Here comes the question of whether personality is necessary, or appropriate, in an email chain. Although clarity and conciseness are imperative aspects to communication, you should never hide your character from anyone! It’s just critical that you remain professional and consistent with a soft, inviting tone. Check out READCITY’s “5 Clever Ways To Give Your Business Emails Personality” for more tips.

  1. Proofread, Proofread, Proofread!

As a PR professional, one of the worst things you can do when communicating with other experts is to send emails without reading them over. Typos may send negative messages about you or your organization and generally come off as unprofessional. 

A way to make sure your emails are grammatically correct and have been spell checked is by writing them in a separate document first. Doing this has helped me draft numerous messages, with different formats to ultimately choose which version will best convey my points. 

“Although clarity and conciseness are imperative aspects to communication, you should never hide your character from anyone! It’s just critical that you remain professional and consistent with a soft, inviting tone.”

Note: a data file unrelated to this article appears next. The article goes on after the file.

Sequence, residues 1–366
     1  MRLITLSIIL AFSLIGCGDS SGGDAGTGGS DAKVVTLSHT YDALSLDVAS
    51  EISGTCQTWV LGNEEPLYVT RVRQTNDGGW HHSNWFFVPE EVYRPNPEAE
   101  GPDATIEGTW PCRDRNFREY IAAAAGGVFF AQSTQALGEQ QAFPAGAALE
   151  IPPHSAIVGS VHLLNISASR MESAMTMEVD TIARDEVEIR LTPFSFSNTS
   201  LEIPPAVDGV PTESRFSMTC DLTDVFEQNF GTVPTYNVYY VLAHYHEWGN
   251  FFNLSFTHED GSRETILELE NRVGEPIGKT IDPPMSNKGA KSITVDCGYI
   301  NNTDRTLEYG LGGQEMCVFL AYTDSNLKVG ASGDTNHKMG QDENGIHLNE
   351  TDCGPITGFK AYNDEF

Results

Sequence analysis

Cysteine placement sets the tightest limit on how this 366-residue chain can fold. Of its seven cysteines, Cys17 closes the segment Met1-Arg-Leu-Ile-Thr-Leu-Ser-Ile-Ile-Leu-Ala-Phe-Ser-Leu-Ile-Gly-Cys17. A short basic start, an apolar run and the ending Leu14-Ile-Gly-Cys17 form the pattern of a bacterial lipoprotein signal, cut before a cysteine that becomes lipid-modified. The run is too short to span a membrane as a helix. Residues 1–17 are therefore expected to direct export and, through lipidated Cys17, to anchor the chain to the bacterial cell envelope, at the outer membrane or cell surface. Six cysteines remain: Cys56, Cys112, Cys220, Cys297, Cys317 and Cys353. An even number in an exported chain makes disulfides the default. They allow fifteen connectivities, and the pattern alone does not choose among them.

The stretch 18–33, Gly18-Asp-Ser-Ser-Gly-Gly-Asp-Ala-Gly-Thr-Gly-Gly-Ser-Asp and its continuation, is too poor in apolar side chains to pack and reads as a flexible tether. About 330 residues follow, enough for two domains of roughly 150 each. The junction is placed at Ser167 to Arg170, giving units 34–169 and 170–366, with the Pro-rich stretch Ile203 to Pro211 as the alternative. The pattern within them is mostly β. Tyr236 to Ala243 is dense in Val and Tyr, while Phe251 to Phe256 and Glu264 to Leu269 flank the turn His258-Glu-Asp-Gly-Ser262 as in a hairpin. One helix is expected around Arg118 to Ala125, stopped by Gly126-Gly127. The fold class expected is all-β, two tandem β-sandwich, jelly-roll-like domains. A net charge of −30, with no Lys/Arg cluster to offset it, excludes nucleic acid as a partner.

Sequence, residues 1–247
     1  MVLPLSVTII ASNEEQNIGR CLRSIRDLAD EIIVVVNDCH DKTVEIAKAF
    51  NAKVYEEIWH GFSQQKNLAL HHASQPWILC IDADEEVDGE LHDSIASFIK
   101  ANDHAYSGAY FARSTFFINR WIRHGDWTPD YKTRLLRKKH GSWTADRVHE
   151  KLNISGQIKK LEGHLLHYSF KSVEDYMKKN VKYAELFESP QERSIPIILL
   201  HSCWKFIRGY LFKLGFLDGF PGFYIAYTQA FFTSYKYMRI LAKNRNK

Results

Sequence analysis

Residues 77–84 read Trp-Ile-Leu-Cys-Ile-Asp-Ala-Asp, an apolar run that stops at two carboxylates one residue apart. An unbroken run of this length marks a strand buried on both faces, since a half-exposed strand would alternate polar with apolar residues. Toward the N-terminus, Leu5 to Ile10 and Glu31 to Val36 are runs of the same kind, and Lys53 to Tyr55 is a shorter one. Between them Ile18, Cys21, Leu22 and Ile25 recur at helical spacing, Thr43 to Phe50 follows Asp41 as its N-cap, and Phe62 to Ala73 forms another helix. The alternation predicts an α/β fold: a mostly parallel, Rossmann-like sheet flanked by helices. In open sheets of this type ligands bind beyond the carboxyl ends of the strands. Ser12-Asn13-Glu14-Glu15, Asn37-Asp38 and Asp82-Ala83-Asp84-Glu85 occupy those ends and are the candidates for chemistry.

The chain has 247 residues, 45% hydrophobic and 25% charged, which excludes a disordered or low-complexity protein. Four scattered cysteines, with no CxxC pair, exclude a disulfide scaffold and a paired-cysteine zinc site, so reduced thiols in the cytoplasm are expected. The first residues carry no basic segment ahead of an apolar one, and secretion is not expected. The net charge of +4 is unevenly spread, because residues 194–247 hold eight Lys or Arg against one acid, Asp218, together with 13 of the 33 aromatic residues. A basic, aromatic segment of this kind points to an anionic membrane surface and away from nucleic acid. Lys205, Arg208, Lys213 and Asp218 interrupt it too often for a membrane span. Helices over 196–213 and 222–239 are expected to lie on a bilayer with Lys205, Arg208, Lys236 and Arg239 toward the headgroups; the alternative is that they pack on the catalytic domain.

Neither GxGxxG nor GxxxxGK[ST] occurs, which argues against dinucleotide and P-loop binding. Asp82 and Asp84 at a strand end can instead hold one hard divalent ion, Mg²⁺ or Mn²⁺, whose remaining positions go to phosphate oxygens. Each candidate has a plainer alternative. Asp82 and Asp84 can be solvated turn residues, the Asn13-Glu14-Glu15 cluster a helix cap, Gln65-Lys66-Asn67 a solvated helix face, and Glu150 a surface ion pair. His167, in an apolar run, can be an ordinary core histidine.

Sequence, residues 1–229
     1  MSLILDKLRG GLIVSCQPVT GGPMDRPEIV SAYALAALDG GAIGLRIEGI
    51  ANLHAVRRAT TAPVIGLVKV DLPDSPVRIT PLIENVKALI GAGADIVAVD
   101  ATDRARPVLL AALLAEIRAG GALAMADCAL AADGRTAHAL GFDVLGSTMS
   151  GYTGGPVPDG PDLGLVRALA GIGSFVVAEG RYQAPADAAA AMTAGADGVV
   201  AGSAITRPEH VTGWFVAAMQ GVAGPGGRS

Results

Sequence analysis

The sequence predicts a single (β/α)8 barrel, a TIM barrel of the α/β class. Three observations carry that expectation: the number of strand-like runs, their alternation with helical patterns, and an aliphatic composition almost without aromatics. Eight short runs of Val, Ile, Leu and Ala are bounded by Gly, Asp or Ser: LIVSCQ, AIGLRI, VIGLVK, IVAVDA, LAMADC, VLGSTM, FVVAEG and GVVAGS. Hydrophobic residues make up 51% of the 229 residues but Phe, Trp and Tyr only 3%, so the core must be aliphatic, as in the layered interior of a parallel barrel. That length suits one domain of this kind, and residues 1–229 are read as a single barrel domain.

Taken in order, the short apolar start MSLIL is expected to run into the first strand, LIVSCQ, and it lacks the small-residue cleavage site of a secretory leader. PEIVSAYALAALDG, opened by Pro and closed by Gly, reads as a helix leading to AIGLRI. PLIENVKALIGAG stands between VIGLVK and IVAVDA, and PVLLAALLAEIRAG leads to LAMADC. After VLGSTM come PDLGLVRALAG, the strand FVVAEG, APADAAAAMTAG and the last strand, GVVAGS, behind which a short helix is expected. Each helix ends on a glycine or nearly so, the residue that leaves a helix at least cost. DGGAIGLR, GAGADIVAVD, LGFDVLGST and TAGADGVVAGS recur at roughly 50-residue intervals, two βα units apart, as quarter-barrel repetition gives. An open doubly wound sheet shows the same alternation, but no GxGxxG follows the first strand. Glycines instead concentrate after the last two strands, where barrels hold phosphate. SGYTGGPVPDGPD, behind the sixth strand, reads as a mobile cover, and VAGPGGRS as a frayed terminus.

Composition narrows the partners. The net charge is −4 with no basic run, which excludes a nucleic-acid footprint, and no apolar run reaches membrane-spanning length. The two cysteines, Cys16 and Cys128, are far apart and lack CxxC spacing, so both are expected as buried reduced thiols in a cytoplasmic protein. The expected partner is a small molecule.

-Skylar Trostinsky

Professional communication doesn’t end in email chains! Further your credibility, express yourself and improve relationships by taking skills such as goal setting, clarity and politeness to group and one-on-one meetings. Email away!


Tips For Professional Emails

Effective Email Communication In The Workplace

How to Prepare a Strong Phone Pitch

working essentials laid out on table

Photo by Pexels.com

By: Valeria Sanchez

You may feel intimidated when you pitch to a journalist for the first time. We tend to think of the worst possible outcomes like, what if they don’t like my pitch? or what if they think I’m unprepared? Everyone feels nervous doing something for the first time. Last month I got the opportunity to pitch one of my client’s programs to several news stations in California. I wouldn’t say it was fantastic. I was nervous and I got sent to voicemail plenty of times. After some trial and error, here is what I learned about crafting a successful phone pitch.